Chris thought it must've come from a trespasser since he knew no one else was supposed to be hunting there. He set up on the chatty gobbler and, with a few calls of his own and a little patience, was soon able to squeeze the trigger on the bird as it worked its way through the trees. Sitting there feeling thankful for the blessings of the morning, Chris pulled the case he had found from his pocket to take a closer look at it. When he opened it, there was the call his dad had lost the previous season.

“I cried for 10 minutes,” Chris said. “What are the odds of me just walking up on that call in the middle of the woods, not even along a trail or anything?”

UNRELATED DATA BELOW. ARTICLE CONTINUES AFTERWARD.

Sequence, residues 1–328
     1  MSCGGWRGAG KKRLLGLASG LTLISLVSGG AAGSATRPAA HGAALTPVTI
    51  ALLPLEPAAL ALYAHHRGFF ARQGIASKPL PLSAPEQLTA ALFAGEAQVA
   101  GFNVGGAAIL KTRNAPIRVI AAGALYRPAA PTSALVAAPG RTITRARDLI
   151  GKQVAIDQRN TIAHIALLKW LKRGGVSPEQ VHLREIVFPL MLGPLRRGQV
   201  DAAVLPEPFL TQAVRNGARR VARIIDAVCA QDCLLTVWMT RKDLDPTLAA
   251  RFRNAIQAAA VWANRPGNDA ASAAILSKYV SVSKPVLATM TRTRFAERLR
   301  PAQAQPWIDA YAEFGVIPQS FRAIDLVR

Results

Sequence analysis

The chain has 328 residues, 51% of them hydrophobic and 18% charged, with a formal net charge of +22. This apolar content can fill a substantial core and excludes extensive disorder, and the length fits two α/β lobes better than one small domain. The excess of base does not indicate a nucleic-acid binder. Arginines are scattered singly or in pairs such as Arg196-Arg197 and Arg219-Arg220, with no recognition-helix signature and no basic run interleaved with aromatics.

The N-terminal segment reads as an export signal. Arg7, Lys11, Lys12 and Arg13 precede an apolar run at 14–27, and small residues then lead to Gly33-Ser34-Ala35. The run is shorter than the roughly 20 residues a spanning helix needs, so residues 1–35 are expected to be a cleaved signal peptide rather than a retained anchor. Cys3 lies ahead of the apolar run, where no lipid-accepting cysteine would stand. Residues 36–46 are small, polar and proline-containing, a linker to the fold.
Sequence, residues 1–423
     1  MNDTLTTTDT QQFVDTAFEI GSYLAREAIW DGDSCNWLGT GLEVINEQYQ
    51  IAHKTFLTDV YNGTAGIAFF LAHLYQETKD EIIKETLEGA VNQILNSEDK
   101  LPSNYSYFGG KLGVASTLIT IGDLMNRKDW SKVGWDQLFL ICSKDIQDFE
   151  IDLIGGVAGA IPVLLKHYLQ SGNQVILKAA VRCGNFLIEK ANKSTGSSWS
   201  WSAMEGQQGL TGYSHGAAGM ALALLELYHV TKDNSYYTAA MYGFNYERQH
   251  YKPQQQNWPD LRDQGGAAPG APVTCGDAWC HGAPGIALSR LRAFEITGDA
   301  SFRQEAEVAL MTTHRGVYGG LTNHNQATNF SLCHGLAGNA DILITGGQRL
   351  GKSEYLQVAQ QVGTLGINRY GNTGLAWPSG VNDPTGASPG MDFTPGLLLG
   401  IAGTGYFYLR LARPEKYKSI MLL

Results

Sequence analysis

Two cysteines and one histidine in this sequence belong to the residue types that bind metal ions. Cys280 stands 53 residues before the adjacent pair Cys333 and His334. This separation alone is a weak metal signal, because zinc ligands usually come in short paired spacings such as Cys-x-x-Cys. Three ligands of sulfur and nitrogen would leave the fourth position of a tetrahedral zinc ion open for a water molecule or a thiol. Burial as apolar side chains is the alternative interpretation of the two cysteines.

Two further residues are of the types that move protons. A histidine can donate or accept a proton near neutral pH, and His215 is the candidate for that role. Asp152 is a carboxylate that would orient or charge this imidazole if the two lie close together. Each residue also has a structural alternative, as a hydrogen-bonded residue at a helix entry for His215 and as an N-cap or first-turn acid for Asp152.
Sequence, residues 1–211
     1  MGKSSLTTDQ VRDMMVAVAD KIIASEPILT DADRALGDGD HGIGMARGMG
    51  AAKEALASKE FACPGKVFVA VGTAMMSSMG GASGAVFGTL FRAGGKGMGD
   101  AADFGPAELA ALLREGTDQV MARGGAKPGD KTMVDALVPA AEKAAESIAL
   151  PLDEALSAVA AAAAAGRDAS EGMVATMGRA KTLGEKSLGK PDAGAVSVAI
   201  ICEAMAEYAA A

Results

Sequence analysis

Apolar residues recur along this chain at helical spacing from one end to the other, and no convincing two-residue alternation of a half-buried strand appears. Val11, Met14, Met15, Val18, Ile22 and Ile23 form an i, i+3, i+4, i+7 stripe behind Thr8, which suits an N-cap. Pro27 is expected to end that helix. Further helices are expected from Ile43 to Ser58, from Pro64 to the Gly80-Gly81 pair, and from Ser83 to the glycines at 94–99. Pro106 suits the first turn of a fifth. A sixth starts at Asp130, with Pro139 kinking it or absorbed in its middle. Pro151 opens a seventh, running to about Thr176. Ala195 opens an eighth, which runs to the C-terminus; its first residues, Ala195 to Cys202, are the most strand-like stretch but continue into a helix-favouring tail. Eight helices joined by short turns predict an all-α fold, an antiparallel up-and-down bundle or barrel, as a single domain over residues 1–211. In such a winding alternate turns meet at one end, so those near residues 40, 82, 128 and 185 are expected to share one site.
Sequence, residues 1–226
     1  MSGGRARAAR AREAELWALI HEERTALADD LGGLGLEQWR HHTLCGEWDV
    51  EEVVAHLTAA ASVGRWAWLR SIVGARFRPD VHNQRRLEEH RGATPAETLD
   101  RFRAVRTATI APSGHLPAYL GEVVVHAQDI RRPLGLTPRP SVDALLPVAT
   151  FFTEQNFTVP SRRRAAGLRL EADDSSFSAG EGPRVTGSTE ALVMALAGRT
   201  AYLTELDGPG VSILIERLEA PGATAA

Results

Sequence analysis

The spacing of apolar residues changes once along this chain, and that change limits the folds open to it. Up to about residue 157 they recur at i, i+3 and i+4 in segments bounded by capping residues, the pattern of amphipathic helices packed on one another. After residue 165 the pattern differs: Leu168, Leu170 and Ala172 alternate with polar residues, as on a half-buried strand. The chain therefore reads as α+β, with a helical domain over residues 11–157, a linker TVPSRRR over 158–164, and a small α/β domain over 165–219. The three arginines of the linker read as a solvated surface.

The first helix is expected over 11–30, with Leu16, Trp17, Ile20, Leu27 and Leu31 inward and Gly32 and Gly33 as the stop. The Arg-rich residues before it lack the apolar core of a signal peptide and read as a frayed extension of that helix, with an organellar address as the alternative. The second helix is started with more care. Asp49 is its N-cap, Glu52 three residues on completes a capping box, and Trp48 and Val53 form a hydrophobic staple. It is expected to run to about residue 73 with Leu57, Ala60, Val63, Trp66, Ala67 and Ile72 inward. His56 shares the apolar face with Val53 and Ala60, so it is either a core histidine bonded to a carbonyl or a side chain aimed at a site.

It was as if his father had guided him to it using the gobbling turkey. The feeling of the moment wasn’t lost on Chris.

“It was like he was … right here with me all along.”

The bird had a nice beard and spurs, but the success of this day cannot be measured in numbers. For Chris, it is determined by the strength of the bond he still shares with his late father. Even after his passing, Tommy Barham is still making turkey-hunting memories for those he loved.

Nate Hosie | North Carolina
hunter with tagged turkey
HeadHunters TV host Nate Hosie tagged this 19-pound North Carolina turkey on April 13. (Photo courtesy of Nate Hosie)